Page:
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Distributed denial-of-service, or DDoS, attacks are becoming more common in enterprise networks and are sometimes even combined with ransomware.
The main types of DDoS attacks are the following:
- Volumetric DDoS. This attack crushes devices or services by ramping up traffic beyond the ISP bandwidth subscribed to by the client. This can involve User Datagram Protocol or SYN flooding and DNS amplification.
- Application layer attack. This attack is designed to use automation to take down or flood specific applications.
- Advanced persistent DoS. This attack uses automation in combination with reconnaissance to sculpt persistent long-term attacks on a specific target, while hiding the intended victim in a larger group.
Enterprises can respond to attacks with the three following DDoS mitigation strategies and approaches:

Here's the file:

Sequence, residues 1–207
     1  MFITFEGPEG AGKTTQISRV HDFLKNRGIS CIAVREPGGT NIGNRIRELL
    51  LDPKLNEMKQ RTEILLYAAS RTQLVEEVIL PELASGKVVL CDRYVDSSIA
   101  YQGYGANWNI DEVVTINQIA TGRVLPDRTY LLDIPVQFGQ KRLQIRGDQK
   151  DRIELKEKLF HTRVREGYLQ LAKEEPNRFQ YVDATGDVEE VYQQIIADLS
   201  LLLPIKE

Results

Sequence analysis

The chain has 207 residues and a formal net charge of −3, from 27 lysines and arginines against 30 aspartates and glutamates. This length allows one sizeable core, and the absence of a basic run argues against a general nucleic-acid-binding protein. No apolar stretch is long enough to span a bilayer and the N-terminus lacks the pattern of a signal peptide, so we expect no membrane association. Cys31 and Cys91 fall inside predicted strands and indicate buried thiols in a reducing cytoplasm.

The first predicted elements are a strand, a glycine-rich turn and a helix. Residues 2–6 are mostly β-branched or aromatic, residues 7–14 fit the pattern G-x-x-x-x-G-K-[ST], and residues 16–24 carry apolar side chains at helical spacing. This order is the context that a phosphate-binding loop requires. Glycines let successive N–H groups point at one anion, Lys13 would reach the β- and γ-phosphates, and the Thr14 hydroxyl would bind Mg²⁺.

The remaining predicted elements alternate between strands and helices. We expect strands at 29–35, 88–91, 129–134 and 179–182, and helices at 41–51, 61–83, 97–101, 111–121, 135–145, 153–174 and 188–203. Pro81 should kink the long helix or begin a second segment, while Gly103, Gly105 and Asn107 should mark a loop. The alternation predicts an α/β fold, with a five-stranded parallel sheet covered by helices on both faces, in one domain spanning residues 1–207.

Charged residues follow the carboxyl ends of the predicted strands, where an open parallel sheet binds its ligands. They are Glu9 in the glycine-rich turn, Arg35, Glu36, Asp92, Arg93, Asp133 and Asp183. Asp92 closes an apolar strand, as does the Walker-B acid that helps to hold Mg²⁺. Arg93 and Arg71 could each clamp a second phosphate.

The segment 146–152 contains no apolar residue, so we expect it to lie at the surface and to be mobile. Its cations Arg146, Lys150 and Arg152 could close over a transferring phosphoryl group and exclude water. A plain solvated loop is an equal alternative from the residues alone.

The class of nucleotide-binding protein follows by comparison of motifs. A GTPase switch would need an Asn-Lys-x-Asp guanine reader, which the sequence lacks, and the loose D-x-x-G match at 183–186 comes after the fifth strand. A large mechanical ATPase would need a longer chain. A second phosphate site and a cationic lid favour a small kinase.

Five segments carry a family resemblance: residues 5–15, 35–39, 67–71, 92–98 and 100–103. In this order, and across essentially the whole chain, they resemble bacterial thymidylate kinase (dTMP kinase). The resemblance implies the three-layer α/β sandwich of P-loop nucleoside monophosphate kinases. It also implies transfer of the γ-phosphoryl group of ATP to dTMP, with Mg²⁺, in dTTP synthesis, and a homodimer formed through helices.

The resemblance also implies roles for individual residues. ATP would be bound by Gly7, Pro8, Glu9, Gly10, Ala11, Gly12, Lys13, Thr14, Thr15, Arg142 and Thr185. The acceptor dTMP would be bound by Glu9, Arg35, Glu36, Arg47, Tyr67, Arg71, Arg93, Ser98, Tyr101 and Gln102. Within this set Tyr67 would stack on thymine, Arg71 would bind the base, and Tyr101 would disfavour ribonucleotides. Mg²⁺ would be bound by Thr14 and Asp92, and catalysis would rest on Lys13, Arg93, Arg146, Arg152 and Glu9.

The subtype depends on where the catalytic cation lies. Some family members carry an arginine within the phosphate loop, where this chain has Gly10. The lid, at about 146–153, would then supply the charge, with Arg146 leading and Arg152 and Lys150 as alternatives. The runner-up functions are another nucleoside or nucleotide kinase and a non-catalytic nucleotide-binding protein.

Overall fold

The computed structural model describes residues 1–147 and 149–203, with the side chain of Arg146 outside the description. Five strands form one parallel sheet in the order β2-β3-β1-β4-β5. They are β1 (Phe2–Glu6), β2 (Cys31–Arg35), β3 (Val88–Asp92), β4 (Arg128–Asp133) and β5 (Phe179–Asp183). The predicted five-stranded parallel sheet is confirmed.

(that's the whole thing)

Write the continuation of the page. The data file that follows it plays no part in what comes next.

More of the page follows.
- Buy a service from your ISP. Many ISPs offer DDoS mitigation services, but when an enterprise gets hit with an attack, it needs to report the incident to the ISP to begin mitigation. This strategy is called clean pipes and is popular with ISPs, which charge for the service. This strategy often results in a 30- to 60-minute delay before mitigation starts.
- Do it yourself. Enterprises can take a DIY approach with intrusion prevention systems (IPSes), firewall technology and even specialized hardware purpose-built to defend against DDoS. Unfortunately, the traffic is already on premises and is eating up valuable bandwidth. This approach is best suited for enterprises that place their equipment at a colocation facility where the ISP is reached through a cross-connect and downstream bandwidth to the rest of the company can be protected.
- Use a CDN. This approach minimizes exposure of corporate infrastructure by putting it behind a content delivery network (CDN). These networks are large and diverse, and if the client subscribes to DNS and DDoS mitigation, they can protect e-commerce sites, as well as the company itself.